Our tendency to pursue success and idealize those who achieve it can sometimes result in paying less attention to the character of the person. Sometimes that may come because the tangible evidence of success is more often material things like promotions, awards, and monetary gains. More and more evidence of that other less tangible issue of character have shown up in recent years as we see persons who have reached high levels of success in all areas experience public disgrace for issues related to lack of attention to development of good character. We see it in the lives of those who are in sports, performance related fields, politics, education, and ministry.
What happens along the way that brings a sudden downfall?
The answer may vary from person to person but if we are honest about it the seeds of the downfall were planted long before the problem is often exposed. Character is something that develops over time. Many small choices and decisions and our response to experiences we encounter daily are weaving character together. Without attending to those it can be easier than we realize to excuse or deny the little weeds growing in our character that can later result humiliating exposure of what has been growing underneath our outward self.
“Every good choice strengthens one’s inner resolve to make another good choice next time, while every bad choice leaves one inclined to further bad choices down the road.”David C. Downing from Into the Wardrobe
Not unlike a garden, weeds in our character need to be attended to regularly or they will develop such a tenacious and broad root system that it will be difficult to remove them and may well damage the good growth in the process of trying to remove all of them. The most avid gardener will tell you keeping the garden weed free means vigilance daily. A garden free of weeds by the end of a morning can show the beginning of new weeds here and there by the next morning. Left to itself a garden will be overrun by weeds and destroy tender new seeds and plants in a very short time. Weeds in a garden are visible if we are looking for them but weeds in our character can be harder for us to see at times and far easier to ignore or discount as something that just happened because we were tired or had a “bad day.”
Do we even have a clear understanding of what character is?
“So, what is character? It’s moral excellence. But we don’t talk about morality anymore.”Matthew Kelly in Life is Messy
Too often we look at the word “moral” and associate it with only the areas of sexual transgressions of some sort, but morality extends to a much broader definition than that. In our digital fast-paced lives we lost track of some of those key words that were central to the lives of those we admire from past decades or centuries. Morality is just one of those words seldom used or attended to. Another is the word “virtue.”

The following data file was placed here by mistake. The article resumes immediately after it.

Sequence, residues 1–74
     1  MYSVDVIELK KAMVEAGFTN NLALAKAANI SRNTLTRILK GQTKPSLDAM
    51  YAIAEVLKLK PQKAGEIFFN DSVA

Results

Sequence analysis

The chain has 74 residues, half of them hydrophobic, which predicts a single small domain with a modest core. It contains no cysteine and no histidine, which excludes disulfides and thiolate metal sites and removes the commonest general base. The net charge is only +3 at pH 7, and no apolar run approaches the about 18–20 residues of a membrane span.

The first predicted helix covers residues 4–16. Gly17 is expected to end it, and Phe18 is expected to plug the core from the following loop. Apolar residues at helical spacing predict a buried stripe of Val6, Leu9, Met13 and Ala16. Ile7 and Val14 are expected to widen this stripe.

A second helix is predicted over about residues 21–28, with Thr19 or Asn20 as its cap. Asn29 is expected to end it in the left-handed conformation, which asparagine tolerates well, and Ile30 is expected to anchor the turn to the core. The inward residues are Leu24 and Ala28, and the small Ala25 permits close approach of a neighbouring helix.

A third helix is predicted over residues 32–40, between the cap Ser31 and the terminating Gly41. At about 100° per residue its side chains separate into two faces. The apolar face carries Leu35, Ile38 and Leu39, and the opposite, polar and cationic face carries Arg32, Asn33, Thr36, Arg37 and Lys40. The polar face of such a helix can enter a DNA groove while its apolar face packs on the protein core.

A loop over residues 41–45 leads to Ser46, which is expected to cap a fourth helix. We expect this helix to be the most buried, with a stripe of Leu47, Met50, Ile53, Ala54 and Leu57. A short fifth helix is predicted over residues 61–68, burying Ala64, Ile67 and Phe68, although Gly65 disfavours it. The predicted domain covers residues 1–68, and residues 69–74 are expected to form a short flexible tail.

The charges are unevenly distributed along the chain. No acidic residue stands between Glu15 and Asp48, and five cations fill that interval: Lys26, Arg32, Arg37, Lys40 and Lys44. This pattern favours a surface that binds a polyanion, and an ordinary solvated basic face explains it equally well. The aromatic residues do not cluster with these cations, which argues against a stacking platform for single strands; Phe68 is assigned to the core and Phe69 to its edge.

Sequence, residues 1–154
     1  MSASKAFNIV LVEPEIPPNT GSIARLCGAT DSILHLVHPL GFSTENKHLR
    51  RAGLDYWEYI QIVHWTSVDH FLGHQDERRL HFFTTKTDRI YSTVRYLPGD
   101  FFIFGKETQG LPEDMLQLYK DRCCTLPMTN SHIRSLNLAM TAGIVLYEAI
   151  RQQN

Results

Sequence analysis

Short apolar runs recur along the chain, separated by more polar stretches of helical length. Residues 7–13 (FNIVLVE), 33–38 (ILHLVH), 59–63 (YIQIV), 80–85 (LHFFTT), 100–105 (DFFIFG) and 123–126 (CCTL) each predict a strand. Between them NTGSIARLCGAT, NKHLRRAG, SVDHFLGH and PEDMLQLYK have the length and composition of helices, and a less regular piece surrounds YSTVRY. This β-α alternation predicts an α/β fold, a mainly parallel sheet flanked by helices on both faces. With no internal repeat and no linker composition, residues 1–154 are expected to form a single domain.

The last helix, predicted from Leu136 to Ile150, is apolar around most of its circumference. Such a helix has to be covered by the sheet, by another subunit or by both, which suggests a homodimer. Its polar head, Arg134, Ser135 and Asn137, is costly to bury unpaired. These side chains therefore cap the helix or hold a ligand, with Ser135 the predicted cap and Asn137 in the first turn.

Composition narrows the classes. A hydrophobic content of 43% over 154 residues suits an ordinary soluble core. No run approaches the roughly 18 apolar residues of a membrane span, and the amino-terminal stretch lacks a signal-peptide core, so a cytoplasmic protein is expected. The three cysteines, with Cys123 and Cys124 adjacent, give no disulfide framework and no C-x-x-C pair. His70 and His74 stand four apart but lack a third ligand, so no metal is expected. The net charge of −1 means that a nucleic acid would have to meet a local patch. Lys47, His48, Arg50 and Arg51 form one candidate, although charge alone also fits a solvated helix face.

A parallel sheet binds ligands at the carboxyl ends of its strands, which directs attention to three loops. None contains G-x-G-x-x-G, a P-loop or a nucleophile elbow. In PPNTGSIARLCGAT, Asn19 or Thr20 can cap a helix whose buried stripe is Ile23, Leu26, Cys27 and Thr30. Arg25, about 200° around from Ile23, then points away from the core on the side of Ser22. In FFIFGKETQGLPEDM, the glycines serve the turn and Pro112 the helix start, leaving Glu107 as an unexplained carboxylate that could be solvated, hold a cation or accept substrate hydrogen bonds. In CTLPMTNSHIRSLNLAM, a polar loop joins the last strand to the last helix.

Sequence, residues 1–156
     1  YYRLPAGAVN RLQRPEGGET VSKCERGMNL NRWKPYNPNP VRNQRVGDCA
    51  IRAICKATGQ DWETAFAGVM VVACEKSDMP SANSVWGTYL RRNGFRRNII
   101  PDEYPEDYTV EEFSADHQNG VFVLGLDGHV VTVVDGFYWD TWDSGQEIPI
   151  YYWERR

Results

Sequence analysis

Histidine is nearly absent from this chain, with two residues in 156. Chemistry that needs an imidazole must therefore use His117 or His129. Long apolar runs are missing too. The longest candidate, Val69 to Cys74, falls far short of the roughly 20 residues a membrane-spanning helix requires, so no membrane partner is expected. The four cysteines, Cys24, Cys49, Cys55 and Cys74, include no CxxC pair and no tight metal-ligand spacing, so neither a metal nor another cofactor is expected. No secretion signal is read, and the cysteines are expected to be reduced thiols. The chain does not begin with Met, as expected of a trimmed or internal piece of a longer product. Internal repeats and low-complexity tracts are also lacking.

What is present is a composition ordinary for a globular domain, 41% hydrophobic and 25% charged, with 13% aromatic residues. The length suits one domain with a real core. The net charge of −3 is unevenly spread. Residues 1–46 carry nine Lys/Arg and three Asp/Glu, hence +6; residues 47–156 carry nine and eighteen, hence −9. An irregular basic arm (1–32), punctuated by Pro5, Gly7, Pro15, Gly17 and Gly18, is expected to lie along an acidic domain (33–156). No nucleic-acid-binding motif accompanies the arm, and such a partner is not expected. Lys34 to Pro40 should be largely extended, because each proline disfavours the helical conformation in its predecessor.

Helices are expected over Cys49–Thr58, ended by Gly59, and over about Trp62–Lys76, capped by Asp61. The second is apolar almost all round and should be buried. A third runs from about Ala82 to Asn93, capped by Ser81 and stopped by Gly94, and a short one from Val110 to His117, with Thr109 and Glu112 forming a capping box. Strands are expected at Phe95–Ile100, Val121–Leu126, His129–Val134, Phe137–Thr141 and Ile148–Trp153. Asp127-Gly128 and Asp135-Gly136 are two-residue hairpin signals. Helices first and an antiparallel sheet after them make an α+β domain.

“Virtues are the building blocks of character. Think about this short list of virtues: patience, kindness, humility, gentleness, perseverance, truthfulness, courage, temperance, justice, faithfulness, and goodwill. Would your life improve if you had more of these virtues, in both number and degree?”Matthew Kelly in Life is Messy
The answer to that question should be obvious. We would be a better spouse, child, friend, employee, believer, neighbor – better in every area if it were true. It’s evident that Paul understood what could bring that about in his letter to the Romans:
“Not only that, but we rejoice in our sufferings, knowing that suffering produces endurance, and endurance produces character, and character produces hope, and hope does not put us to shame, because God’s love has been poured into our hearts through the Holy Spirit who has been given to us.”Romans 5:3-5 (ESV)
We don’t start climbing in the mountains without strengthening our bodies or learning how to handle higher elevations. There are skill sets we need to develop to climb mountains safely with endurance and enjoyment. Practicing those skill sets can produce a set of skills that give us a lifetime of adventure and pleasure.
And it isn’t going to work to simply read about these things or talk about them. They need to be put into action for them to become a part of us for the climbs we dream of taking.
If small choices and decisions are building blocks to develop virtue and character, what are some tips we can use to help us in our quest for character?
Reading Matthew Kelly’s newest book, Life is Messy, gives us some ideas on that as he describes a set of tools developed in the early 1900’s. They are called “The Four Absolutes” and Kelly describes their use and outlines them as follows:
“They have been described as: a way to keep in tune with God’s will for your life; moral standards; ideals to live by; yardsticks to measure actions against; a guide for anyone trying to live a good life; and a tool for anyone trying to live intentionally.
The Four Absolutes are:
1. Honesty. Is it true or false?
2. Unselfishness. How will this affect other people?
3. Purity. Is it right or wrong?
4. Love. Is it ugly or is it beautiful?”Matthew Kelly in Life is Messy
I think most of us would agree that these questions and this list would help us keep more weeds out of our character and move toward greater morality and a higher degree of virtue.
It could be that beyond pursuing the latest and greatest inventions, technologies, methods, and ideas, we need to consider moral standards and a pursuit of higher virtues. Because you see the very things we enjoy about “now” were created and developed by men and women who came before us whose center was founded on character and the higher virtues what built that character. The future will be brighter for each of us and all of us if we do.